Spoiler Alert: You May Never Look at the World the Same Way Again
I am going to let you in on a huge secret that you may not have heard before. Are you ready? Now, take a really close look at the corner of the computer monitor on which you are reading this article… can you see it vibrating? And if you are reading a printed copy of this article, that paper too… it’s vibrating. And so is the ink in every letter on that paper. In fact, every cell in your hand is vibrating right now. Right and left hands both, all the way from the hair on the surface down to the DNA inside every muscle cell.
Look around you… Every single plant, piece of furniture, and piece of architecture that you see around you is made up of physical atoms that are constantly spinning and vibrating on a submicroscopic level, each with their own unique energy signature. The concept that every structure we take to be "solid" is actually made of energy and vibrations is the basis of an entire field of research called quantum physics.
And while quantum physics is fascinating, it also falls outside of the scope we have reserved for this very brief article, designed to be read over a single cup of coffee.
Alan Alper Sag, MD, is an American Board Certified Diagnostic Radiologist with Certificate of Additional Qualification in Interventional Radiology by the American Board of Radiology. He specializes in Interventional Oncology (minimally-invasive targeted cancer therapies) and trained at Memorial Sloan Kettering Cancer Center and Weill Cornell New York Presbyterian Hospital in Manhattan, New York. His clinical and research interests include minimally-invasive tumor embolization, tumor ablation, and medical education. He lives in Istanbul and is a faculty member at Koc University School of Medicine.
So instead, I would like to pose this question to you: What if I told you I had a machine that could nearly pause these vibrations in the human body? And instead of pausing all the physical atoms, perhaps we could focus on Hydrogen, which constitutes 10% of the elemental abundance in the human body (after Oxygen at 65% and Carbon at 18%) and occurs in every type of body tissue. Then, what if we used this machine to align all the hydrogen spins, and pause them? Would it hurt? Would it tickle? Would it affect the DNA? Would it be reversible? What would happen then if we let the spins loose? Would they always know to go back to their original spinning speed and direction?
Actually, this device is called an MRI (magnetic resonance imaging machine). We use these every day to look into the human body and make life-saving diagnoses. But how can we use a machine that deals with atom vibrations to look into the human body you ask? Since most of us or our loved ones will probably have an MRI at some point, I would like to take explain how MRI works in four quick points (which will be a vast simplification on a topic which populates volumes of textbooks):
- Point #1: The human body contains 4.7 x 1027 (that’s a lot of zeroes) hydrogen atoms, each living in their own comfortable little environment, such as bone, fat (all of us have some), muscle (some of us wish we had more), or fluid (such as blood which is moving in a hurry, or cerebrospinal fluid which is moving very slowly).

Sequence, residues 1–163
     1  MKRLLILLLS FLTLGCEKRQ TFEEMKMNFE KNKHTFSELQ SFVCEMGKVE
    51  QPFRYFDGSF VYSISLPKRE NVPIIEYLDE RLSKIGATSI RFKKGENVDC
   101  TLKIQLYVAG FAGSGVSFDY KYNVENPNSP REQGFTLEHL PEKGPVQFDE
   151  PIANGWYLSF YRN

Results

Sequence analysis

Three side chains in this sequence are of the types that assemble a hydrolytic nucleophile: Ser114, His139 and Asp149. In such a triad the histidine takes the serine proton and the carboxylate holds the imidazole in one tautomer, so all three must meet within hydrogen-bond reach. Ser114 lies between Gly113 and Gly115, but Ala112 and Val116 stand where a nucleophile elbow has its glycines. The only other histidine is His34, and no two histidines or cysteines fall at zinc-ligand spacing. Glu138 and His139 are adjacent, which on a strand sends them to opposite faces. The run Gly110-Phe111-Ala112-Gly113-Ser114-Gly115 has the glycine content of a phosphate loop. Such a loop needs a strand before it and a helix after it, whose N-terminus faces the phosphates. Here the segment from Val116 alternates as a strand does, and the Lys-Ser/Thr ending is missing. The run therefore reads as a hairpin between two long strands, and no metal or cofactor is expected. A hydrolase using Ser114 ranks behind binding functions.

Point #2: Remember how everything always vibrates? At “rest”, every hydrogen atom is vibrating in a spin and direction called the “Larmor frequency". If you bend a hydrogen atom away, it will do everything it can to get back to its resting state.
Point #3: An MRI machine bathes the patient in a magnetic field that is 30,000-60,000 times stronger than the earth's gravitational pull (comparing a 1.5 Tesla – 3.0 Tesla magnet to the Earth's 0.5 gauss magnetic field). This magnet is so strong that it tricks the hydrogens into orienting their rest positions toward a single unified direction. Then, just as the hydrogens are getting comfortable in their new resting positions, the MRI machine “bullies” the hydrogens by giving them a “push” via an extra magnetic “pulse” to bend the hydrogens away from rest. (This last part is what creates the noise you hear during an MRI scan, by the way).
Point #4: Remember how all hydrogens just want to get back to their resting state? When that extra magnetic “pulse” turns off, the hydrogens begin relaxing back to their resting state. But here is the trick: they relax at different speeds based on the tissue in which they reside. And in the process, they give off energy that we can measure, to create a map of the different tissues, and therefore a medical image inside the human body.
This representative image shows the relation of a deep tumor (purple structure next to the arrow) to the major neuron tracts (shown in yellow). This information is valuable for safe treatment planning. Image obtained from UCLA webpage at http://neurosurgery.ucla.edu/body.cfm?id=409, last accessed August 10, 2015.
MRI has proved its worth throughout the body, but one place that it shines is in the diagnosis of brain diseases. MRI can not only detect and help diagnose brain tumors, but it can create maps of nerve pathways that the tumor is pushing or invading, detect the blood supply to the tumor and map the regional blood vessels, and even help follow-up after surgery or radiation treatment to make sure there is no tumor recurrence. All of this with no radiation dose to the patient. The future for MRI is bright in medicine and even outside of medicine. For example, some researchers are attempting to use MRI as a lie detector machine, scanning the brain as patients answer questions. Whether these applications will become useful in the future remains open to discussion. But what is known is that MRI has made sweeping and permanent changes to the way that medicine is practiced in this century.